It wasn’t an easy decision for Steve Hindy to make but, hell, he thinks it was the right one.
Instead of subscribing to Con Edison’s cheaper blend of coal, natural gas, nuclear power, oil and hydro-power, Hindy, the president and co-owner of Brooklyn Brewery, said he decided last month to “flip the switch,” and is now running the vats and hoppers in his Williamsburg brew house on wind power, the first company in the city to make that claim.
The green-friendly decision might win Hindy a few more beer-chugging loyalists among Williamsburg’s wooly elite, but it will also guzzle away some of Brooklyn Brewery’s annual profits. He forecasts a 10-to-15 percent increase in his annual electricity bills. “It hurts, but it won’t take us under,” Hindy said, expressing hope that other local businesses will follow suit.
Hindy, a former Associated Press man who learned to home brew while on assignment in the liquor-starved Middle East, was first contacted by Community Energy this summer. The company has 20 giant, spinning wind turbines on farms in upstate New York and was looking to expand its city base. Though Brooklyn Brewery doesn’t run directly on energy produced from windmills, its allotment from the upstate turbines goes into the local electric grid.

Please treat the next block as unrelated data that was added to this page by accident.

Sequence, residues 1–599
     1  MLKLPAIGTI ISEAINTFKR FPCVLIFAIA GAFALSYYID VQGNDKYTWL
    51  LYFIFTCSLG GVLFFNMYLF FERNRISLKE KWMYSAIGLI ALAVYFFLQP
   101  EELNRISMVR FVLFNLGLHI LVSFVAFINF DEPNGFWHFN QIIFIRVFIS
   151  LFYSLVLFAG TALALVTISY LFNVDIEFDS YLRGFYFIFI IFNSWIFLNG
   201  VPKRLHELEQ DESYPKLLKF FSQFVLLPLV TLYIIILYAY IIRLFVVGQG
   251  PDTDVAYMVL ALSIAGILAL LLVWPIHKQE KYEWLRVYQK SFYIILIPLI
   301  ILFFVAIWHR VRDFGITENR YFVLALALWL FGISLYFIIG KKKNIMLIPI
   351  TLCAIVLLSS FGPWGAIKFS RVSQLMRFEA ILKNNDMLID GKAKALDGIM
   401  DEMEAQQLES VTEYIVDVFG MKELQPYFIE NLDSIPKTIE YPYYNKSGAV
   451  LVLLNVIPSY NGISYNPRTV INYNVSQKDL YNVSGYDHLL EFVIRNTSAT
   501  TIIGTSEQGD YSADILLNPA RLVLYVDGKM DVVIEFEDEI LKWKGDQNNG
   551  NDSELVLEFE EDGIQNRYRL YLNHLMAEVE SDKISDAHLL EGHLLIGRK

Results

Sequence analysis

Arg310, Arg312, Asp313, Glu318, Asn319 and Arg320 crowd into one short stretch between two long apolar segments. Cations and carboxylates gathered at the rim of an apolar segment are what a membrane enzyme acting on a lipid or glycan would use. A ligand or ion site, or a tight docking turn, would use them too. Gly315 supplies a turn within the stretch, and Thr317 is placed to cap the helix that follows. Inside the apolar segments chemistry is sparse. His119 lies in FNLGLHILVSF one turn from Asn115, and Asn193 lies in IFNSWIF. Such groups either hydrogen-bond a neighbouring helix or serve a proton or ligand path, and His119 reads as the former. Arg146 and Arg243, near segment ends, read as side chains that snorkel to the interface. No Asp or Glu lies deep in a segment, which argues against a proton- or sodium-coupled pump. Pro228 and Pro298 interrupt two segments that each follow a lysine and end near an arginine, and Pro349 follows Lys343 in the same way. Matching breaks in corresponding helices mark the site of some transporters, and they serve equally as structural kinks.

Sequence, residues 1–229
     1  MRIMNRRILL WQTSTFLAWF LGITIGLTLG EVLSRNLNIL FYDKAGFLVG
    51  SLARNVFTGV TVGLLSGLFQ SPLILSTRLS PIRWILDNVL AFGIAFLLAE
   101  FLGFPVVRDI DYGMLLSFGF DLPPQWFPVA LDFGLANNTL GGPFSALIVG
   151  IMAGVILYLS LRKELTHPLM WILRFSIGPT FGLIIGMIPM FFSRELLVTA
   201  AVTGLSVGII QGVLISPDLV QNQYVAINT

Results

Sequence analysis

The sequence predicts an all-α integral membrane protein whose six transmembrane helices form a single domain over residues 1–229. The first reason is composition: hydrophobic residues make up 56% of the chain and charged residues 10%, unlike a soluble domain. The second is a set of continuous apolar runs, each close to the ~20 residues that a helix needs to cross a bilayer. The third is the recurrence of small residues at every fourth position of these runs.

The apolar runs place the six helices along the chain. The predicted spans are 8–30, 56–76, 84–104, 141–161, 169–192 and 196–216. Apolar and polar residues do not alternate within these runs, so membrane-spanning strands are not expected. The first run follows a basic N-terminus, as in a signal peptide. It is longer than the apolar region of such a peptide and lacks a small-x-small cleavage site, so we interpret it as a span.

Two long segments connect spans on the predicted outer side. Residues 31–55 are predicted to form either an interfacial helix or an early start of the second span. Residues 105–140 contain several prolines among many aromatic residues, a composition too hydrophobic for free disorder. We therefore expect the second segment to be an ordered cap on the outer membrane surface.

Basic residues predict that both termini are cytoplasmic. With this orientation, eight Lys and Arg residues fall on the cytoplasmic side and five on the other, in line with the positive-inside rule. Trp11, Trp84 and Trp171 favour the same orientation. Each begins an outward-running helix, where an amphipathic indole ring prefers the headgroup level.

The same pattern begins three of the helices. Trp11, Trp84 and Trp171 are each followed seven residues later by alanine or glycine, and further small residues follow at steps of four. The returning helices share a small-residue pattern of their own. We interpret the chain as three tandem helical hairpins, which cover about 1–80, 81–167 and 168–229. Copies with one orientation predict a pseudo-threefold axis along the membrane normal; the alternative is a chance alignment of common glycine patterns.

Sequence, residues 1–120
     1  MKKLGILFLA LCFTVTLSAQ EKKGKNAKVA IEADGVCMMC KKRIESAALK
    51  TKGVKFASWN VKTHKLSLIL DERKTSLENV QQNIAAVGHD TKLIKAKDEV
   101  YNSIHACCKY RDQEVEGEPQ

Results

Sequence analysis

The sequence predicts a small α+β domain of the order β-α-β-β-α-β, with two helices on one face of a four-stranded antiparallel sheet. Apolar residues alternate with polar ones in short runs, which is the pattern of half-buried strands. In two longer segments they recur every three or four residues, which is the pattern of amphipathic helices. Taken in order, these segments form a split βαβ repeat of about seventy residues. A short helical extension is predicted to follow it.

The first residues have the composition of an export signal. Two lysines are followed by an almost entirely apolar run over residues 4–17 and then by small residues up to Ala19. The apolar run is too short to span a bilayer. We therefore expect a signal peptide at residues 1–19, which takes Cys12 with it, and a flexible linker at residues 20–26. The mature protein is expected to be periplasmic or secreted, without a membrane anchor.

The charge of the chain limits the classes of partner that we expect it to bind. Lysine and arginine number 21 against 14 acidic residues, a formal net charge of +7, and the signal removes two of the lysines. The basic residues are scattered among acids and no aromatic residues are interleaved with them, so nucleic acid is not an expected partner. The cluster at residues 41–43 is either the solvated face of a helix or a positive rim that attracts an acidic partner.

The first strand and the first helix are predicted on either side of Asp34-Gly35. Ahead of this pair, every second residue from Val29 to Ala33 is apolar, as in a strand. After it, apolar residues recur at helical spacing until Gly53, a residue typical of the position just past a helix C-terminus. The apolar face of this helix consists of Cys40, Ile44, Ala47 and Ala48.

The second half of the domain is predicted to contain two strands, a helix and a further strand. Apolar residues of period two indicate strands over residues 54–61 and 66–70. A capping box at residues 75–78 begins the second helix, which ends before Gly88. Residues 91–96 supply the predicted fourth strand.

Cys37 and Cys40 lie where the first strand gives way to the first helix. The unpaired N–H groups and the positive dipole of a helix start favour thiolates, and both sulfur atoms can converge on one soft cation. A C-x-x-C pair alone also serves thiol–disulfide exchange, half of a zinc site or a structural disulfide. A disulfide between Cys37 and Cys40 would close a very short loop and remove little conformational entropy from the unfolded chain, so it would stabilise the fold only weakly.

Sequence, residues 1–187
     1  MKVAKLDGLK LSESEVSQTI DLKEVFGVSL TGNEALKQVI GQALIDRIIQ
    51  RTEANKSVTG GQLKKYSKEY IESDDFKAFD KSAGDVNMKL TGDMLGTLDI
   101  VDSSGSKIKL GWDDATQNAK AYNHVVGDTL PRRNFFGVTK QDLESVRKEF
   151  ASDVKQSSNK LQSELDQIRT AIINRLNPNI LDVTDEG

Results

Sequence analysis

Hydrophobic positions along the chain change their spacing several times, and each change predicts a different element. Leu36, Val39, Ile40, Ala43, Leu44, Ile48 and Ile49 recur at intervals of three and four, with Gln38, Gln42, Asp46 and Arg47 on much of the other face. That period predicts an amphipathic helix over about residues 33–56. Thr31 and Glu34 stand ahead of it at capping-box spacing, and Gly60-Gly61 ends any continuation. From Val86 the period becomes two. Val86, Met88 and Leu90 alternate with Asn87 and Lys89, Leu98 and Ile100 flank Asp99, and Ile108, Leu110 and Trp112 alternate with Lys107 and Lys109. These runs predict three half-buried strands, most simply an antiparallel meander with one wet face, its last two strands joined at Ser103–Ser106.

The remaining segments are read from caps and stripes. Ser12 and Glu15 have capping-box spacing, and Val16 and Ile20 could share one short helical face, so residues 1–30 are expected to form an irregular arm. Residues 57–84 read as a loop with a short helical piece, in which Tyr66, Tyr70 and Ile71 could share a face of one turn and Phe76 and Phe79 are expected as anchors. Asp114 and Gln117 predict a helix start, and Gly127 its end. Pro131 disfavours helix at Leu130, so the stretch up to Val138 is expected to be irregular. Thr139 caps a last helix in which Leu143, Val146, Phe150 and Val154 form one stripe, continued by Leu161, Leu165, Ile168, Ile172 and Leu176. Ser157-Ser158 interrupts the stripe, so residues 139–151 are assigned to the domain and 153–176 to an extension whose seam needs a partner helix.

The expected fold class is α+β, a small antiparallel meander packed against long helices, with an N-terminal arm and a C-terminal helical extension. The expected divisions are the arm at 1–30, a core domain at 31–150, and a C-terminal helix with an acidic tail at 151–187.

Local pols are thrilled. “This is Brooklyn business at its best,” said Andrew Ross, communications director for Marty Markowitz, the Brooklyn Borough President. Unfortunately, Ross said, Hindy has so far been the only local business owner to express interest in a renewable energy source. While the state and federal government offer financial incentives and tax credits to energy suppliers like Community Energy, there are virtually no consumer incentives — besides a clean conscience and flattering PR — that would motivate a business owner to pay more for electricity.
Ross and Hindy point out that the more renewable energy business owners and government agencies purchase, the cheaper it gets. New York’s EPA has already made the switch as has Austin Grill’s, a Baltimore restaurant chain. In time, Hindy hopes, prices for wind will be competitive with other energy sources. “I don’t know if it’s gonna sell more beer,” he said. “But at least we’re taking a stand.”